Australia's peak body for IT and communications companies says organisations still face considerable uncertainty over whether they will need to retain Australians' web and phone data as part of the federal government's mandatory data retention scheme.

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Telstra, Vodafone Hutchison slam Australian metadata storage plan (Australian Financial Review)

Two of Australia's biggest telecommunications providers have voiced concerns and called for changes to the government's controversial plan to record the metadata of all Australians for two years.

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29 January 2015

Canada Agency Monitors File-Sharing, Reports Say (New York Times)

Every day, Canada's electronic spy agency examines tens of millions of electronic documents and videos -- and some of the people who downloaded them -- as part of an antiterrorism effort involving the United States and other allies, a document leaked by Edward J. Snowden indicates.

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Rapists use social media to cover their tracks, police warned (The Guardian)

Rapists are increasingly exploiting social media to cover their tracks and mislead investigators, a joint conference by police and prosecutors on rape was told.

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The Role of Data in Promoting Growth and Well-Being (OECD)

Data forms a key pillar in 21st century sources of growth. The confluence of several trends, including the increasing migration of socio-economic activities to the Internet and the decline in the cost of data collection, storage and processing, are leading to the generation and use of huge volumes of data - commonly referred to as "big data". These large data sets are becoming a core asset in the economy, fostering new industries, processes and products and creating significant competitive advantages.

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28 January 2015

Hacktivists step up web attack volumes (BBC News)

Hacktivists and gamers are becoming big users of net attacks that knock sites offline by bombarding them with data, suggests a report.

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F.T.C. Says Internet-Connected Devices Pose Big Risks (New York Times)

The Federal Trade Commission on Tuesday confirmed some of the worst fears about Internet-connected devices, saying the technology presented serious data security and privacy risks, and urged companies to make data protection a top priority.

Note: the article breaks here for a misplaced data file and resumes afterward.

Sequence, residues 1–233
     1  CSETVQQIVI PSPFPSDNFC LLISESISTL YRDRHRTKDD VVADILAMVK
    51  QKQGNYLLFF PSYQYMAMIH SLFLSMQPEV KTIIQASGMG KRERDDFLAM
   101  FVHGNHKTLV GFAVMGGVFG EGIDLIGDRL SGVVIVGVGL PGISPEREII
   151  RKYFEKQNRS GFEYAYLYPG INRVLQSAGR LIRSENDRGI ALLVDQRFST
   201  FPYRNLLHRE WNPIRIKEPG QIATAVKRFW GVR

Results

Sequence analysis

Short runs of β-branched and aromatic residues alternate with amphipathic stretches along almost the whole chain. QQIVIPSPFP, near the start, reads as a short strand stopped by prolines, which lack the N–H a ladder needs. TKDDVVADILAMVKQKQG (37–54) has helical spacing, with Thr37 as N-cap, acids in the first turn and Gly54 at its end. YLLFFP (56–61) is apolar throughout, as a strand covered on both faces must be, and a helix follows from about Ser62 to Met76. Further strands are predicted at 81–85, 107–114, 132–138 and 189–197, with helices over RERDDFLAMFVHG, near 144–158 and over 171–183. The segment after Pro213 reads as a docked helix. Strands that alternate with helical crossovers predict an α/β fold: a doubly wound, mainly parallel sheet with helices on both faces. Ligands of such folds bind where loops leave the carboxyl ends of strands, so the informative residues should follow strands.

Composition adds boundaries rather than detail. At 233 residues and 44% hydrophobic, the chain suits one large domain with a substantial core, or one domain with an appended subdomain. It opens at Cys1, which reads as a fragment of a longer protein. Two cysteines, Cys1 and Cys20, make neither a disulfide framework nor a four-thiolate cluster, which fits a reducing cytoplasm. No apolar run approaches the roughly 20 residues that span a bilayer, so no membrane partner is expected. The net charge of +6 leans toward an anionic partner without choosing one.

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Mobile banking will help the poor transform their lives by Bill and Melinda Gates (Gates Notes)

The Kenya Financial Diaries, a fascinating project documenting the financial lives of hundreds of Kenyans over the course of a year, tells countless stories of people who had to forgo medical care or take their children out of school for want of a few dollars.

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27 January 2015

Chehadé Criticises Domainers, and Domainers and Allies Kick Up Stink

Parts of the domain name world have acted with incredulity to the ICANN CEO and President's comments on people "hogging names in order to charge a lot for them." Obviously Fadi Chehadé's comments were aimed at domainers, and some in the media as well as domainers are not happy.

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Unease for What Microsoft's HoloLens Will Mean for Our Screen-Obsessed Lives (New York Times)

Microsoft made a big announcement last week, revealing that Windows, a lucrative legacy franchise, was about to be unleashed into the physical environment through a set of goggles called the HoloLens that superimposes the operating system on the actual world. In one sense, it was heartening. Business reporters are frequently hung up on the new and the insurgent, but seeing mature companies adapt to a changed world is equally interesting.

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Mass surveillance is fundamental threat to human rights, says European report (The Guardian)

Europe's top rights body has said mass surveillance practices are a fundamental threat to human rights and violate the right to privacy enshrined in European law.

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Documents Show N.S.A.'s Wiretap Moves Before Congress's Approval (New York Times)

A federal judge issued a top secret ruling in 2007 that the USA Patriot Act empowered the National Security Agency to collect foreigners' emails and phone calls from domestic networks without prior judicial approval, newly declassified documents show.

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Facebook Said to Block Pages Critical of Muhammad to Avoid Shutdown in Turkey (New York Times)

To avoid being banned throughout Turkey, Facebook has blocked Turkish users' access to a number of pages containing content that the authorities had deemed insulting to the Prophet Muhammad, according to a company employee with direct knowledge of the matter and a report by the state broadcaster TRT.